Nearly all Papua New Guinea coffee is a washed mild arabica highland variety. Only about 5% of the country’s coffee production is lowland washed robusta coffee, which is darker, more bitter, cheaper, and less flavorful than the more popular variety.
There are large coffee plantations and small local farmers. The larger estates produce coffee through wet processes that are sold to US markets. Starbucks is a popular US buyer of Papua New Guinea coffee. In comparison, many small farmers produce organically grown coffee that isn’t as commercially sold. These farmers also stick to the wet processes and primarily sell arabica highland coffees.
Even though some local farmers produce incredibly healthy, delicious, and organic coffee, there have been problems with the quality and safety of small farm growers from Papua New Guinea. The larger estates have more control and consistency in their beans. Unfortunately, this is not really an option for smaller growers.
What Does Papua New Guinea Coffee Taste Like?
The unique thing about Papua New Guinea coffee is that it doesn’t taste like most other coffee varieties. Papua New Guinea island is filled with fertile soil. This fertile soil creates beans with crisp flavors, including citrus acidity, chocolate undertones, and tropical fruit flavors.
Most agree that Papua New Guinea coffee has a medium to high body and medium acidity with berry and dark chocolate flavors. The finish of this coffee is surprisingly clean. Here is a closer look at the expected flavor of Papua New Guinea coffee:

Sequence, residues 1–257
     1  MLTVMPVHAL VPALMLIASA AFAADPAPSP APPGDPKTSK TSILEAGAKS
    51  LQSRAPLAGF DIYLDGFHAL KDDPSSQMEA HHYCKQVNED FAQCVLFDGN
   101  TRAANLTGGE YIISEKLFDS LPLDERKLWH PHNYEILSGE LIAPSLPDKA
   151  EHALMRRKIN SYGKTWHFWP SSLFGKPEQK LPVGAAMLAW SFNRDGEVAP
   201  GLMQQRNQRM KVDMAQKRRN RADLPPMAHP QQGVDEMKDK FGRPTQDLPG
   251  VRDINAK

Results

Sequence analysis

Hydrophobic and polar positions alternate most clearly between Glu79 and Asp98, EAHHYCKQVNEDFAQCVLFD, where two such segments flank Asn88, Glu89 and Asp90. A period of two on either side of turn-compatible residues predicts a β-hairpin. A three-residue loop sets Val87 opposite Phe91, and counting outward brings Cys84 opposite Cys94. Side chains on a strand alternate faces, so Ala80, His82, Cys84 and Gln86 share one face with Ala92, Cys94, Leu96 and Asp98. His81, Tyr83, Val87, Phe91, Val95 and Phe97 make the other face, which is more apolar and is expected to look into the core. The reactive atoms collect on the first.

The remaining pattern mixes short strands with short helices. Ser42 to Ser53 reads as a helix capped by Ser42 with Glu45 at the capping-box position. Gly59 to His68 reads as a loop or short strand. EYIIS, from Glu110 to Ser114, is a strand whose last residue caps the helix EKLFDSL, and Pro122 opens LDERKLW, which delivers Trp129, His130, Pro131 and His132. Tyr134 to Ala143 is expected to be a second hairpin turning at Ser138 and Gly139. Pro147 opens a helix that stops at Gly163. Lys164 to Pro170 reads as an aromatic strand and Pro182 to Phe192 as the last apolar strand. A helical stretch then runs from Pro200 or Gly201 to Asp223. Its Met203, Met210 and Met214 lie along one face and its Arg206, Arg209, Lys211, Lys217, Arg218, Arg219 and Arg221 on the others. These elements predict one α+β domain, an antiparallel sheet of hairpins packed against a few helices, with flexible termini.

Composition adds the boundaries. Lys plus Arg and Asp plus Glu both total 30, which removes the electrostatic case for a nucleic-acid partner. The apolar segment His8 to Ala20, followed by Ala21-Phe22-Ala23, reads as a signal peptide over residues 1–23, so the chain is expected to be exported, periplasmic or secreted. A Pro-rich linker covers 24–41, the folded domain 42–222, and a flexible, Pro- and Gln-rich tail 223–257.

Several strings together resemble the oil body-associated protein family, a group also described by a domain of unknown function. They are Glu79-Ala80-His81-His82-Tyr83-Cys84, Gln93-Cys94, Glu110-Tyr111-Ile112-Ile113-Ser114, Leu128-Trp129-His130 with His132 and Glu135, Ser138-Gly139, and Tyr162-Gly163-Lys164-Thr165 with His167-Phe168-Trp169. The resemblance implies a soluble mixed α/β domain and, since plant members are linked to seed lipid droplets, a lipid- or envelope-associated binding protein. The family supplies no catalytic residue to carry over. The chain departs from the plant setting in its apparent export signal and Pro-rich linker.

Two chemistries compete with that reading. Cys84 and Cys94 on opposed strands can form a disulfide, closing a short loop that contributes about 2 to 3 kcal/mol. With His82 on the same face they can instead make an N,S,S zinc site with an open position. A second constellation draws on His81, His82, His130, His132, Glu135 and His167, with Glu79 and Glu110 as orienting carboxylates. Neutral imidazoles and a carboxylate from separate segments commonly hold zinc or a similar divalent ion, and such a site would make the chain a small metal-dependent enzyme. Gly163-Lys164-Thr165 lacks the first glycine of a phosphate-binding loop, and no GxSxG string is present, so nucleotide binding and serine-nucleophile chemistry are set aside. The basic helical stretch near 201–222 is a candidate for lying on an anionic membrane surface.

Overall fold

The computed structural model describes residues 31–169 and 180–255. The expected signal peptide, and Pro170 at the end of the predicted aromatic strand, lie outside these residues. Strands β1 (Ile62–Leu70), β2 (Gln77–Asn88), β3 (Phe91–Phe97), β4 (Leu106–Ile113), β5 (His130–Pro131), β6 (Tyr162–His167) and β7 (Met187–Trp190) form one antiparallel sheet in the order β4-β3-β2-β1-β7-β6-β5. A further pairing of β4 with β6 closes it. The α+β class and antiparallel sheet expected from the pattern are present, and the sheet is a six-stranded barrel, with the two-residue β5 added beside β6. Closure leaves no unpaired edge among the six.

- Aroma: Mango, papaya, or exotic fruit
- Taste: Slightly unpredictable; fruity, floral, acidic, clean, and full-bodied
- Aftertaste: Low and deep
How Papua New Guinea Coffee Is Produced
In addition to the fertile ground, Papua New Guinea coffee is different from other similar coffee varieties because of the way it is harvested and produced.
For starters, even the larger farmers focus on selectively growing the coffee plants. The reason for this is that there is simply not as much space in Papua New Guinea as there is in other countries. This smaller harvest means that the growers can give more care and concern to the individual plants.
Once the beans are ready to be harvested, they’re picked and hand washed. The processing includes a wet process, which is unique for the region. Together, the small farms mixed with wet processing create high-quality beans that are uniquely flavored.
What Is the Best Way to Prepare Coffee from Papua New Guinea?
Traditionally, Papua New Guinea coffee is prepared in an espresso machine or French press. These machines allow for the fruity and floral flavors to be at the forefront of this bold cup of coffee. The medium roast will keep the light and cheerful acidity, whereas a medium-dark roast will create a richer cup.
Unfortunately, there aren’t many Papua New Guinea instant coffee options. This is largely due to the fact that Papua New Guinea coffee is not as commercially available as Indian or Colombian coffee. Hopefully, this coffee will become more commercially available as the country’s infrastructure improves.